Jesus said to them, ‘Is not this the reason you are wrong, that you know neither the scriptures nor the power of God? For when they rise from the dead, they neither marry nor are given in marriage, but are like angels in heaven. And as for the dead being raised, have you not read in the book of Moses, in the story about the bush, how God said to him, “I am the God of Abraham, the God of Isaac, and the God of Jacob”? He is God not of the dead, but of the living; you are quite wrong.’
 One of the scribes came near and heard them disputing with one another, and seeing that he answered them well, he asked him, ‘Which commandment is the first of all?’ Jesus answered, ‘The first is, “Hear, O Israel: the Lord our God, the Lord is one; you shall love the Lord your God with all your heart, and with all your soul, and with all your mind, and with all your strength.” The second is this, “You shall love your neighbour as yourself.” There is no other commandment greater than these.’ Then the scribe said to him, ‘You are right, Teacher; you have truly said that “he is one, and besides him there is no other”; and “to love him with all the heart, and with all the understanding, and with all the strength”, and “to love one’s neighbour as oneself”,—this is much more important than all whole burnt-offerings and sacrifices.’ When Jesus saw that he answered wisely, he said to him, ‘You are not far from the kingdom of God.’ After that no one dared to ask him any question.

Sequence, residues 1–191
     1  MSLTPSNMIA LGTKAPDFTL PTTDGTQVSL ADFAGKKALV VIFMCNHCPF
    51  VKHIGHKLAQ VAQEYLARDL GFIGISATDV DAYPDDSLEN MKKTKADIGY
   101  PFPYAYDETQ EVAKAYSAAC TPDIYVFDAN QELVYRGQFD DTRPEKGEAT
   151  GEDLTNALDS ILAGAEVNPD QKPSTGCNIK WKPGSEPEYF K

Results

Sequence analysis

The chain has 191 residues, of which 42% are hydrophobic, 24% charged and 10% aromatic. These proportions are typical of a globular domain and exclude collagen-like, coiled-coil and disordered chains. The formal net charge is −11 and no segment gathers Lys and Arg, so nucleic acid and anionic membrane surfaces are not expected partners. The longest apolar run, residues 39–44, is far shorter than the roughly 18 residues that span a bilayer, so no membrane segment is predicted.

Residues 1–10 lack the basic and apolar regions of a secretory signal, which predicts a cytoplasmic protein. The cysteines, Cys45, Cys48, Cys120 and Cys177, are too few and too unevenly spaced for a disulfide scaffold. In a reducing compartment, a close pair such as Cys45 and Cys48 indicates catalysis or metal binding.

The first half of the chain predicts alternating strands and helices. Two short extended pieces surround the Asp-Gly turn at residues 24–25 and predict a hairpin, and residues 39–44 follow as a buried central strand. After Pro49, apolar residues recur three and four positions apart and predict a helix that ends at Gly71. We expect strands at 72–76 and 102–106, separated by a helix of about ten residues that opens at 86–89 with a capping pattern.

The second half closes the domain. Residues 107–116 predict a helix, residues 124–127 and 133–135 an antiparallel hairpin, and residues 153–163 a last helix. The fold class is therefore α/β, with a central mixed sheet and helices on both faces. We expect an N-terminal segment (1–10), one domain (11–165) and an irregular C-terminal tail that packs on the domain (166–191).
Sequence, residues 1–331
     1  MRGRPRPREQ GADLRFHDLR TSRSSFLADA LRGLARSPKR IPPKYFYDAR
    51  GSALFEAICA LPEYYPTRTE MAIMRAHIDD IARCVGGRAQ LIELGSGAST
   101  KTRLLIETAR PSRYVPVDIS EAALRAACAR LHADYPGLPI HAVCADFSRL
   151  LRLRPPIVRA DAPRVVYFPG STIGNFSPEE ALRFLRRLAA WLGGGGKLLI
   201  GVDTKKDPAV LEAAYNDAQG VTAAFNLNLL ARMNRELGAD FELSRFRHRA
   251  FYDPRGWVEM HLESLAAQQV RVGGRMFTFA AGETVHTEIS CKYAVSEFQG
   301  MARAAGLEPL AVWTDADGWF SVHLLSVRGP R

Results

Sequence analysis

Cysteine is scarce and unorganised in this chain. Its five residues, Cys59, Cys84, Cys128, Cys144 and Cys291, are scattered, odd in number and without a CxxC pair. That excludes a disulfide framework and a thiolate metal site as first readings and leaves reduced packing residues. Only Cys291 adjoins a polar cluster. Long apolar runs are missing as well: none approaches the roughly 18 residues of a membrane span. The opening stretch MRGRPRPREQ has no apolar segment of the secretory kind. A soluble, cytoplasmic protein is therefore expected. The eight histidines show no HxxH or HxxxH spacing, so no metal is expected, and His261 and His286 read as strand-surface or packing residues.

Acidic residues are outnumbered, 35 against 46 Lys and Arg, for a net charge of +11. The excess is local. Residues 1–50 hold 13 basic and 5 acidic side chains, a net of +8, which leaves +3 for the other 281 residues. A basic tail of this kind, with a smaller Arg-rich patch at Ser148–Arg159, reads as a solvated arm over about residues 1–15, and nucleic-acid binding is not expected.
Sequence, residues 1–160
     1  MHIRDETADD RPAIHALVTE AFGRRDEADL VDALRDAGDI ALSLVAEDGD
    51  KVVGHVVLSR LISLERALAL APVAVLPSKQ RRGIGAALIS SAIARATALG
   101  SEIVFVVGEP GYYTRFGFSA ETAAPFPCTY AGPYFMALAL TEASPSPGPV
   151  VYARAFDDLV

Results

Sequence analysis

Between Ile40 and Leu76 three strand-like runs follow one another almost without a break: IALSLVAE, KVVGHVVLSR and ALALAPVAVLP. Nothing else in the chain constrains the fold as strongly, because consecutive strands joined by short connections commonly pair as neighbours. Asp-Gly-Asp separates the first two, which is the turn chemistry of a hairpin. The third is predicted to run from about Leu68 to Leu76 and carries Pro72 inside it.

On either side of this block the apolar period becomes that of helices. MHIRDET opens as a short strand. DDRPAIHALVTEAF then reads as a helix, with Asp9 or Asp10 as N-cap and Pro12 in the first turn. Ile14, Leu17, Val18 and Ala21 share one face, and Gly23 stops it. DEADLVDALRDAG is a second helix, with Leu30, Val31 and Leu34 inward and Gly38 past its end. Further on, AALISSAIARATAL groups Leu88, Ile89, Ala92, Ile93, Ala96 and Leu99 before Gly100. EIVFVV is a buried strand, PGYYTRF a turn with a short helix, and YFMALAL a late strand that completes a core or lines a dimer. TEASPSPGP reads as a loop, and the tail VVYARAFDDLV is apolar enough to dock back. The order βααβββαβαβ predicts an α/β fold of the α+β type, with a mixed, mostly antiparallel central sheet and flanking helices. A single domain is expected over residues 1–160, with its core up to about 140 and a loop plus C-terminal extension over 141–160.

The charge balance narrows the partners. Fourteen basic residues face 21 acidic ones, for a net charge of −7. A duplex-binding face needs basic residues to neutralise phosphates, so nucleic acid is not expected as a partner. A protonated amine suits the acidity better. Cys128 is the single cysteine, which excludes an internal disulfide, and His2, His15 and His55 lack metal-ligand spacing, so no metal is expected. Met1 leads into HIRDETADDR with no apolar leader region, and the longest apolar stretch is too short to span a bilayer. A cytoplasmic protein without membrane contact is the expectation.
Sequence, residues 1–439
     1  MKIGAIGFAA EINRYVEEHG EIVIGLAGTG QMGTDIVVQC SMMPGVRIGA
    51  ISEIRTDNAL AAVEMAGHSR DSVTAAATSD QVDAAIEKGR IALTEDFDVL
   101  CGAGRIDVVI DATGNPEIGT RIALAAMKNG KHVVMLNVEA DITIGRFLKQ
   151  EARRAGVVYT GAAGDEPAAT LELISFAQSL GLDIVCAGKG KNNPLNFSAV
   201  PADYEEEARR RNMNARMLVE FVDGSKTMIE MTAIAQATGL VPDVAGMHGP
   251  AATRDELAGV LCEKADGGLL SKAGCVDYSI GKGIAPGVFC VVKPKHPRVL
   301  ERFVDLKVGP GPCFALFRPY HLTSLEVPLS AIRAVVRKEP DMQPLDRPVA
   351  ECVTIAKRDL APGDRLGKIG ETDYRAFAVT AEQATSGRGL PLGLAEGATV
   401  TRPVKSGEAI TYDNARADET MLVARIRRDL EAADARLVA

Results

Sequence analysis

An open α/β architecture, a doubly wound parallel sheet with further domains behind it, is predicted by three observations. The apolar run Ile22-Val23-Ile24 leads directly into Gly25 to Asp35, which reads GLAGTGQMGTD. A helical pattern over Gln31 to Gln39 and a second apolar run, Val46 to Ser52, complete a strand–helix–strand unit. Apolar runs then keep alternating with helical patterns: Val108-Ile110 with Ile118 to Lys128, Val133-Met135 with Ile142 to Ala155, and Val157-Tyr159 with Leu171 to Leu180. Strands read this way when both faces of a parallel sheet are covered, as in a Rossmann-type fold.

While Jesus was teaching in the temple, he said, ‘How can the scribes say that the Messiah* is the son of David? David himself, by the Holy Spirit, declared,
“The Lord said to my Lord,
‘Sit at my right hand,
   until I put your enemies under your feet.’
David himself calls him Lord; so how can he be his son?’ And the large crowd was listening to him with delight.
 As he taught, he said, ‘Beware of the scribes, who like to walk around in long robes, and to be greeted with respect in the market-places, and to have the best seats in the synagogues and places of honour at banquets! They devour widows’ houses and for the sake of appearance say long prayers. They will receive the greater condemnation.’
 He sat down opposite the treasury, and watched the crowd putting money into the treasury. Many rich people put in large sums. A poor widow came and put in two small copper coins, which are worth a penny. Then he called his disciples and said to them, ‘Truly I tell you, this poor widow has put in more than all those who are contributing to the treasury. For all of them have contributed out of their abundance; but she out of her poverty has put in everything she had, all she had to live on.’

Reflection: How would you describe Jesus in this chapter?
How would you describe his listeners?  His opponents?
What does Jesus teach about money and property?

Thursday, August 24, 2017

On Jesus, racial prejudice, and healing


Gospel Matthew 15:21-28.
21Jesus left that place and went away to the district of Tyre and Sidon. 22Just then a Canaanite woman from that region came out and started shouting, “Have mercy on me, Lord, Son of David; my daughter is tormented by a demon.” 23But he did not answer her at all. And his disciples came and urged him, saying, “Send her away, for she keeps shouting after us.” 24He answered, “I was sent only to the lost sheep of the house of Israel.” 25But she came and knelt before him, saying, “Lord, help me.” 26He answered, “It is not fair to take the children’s food and throw it to the dogs.” 27She said, “Yes, Lord, yet even the dogs eat the crumbs that fall from their masters’ table.” 28Then Jesus answered her, “Woman, great is your faith! Let it be done for you as you wish.” And her daughter was healed instantly.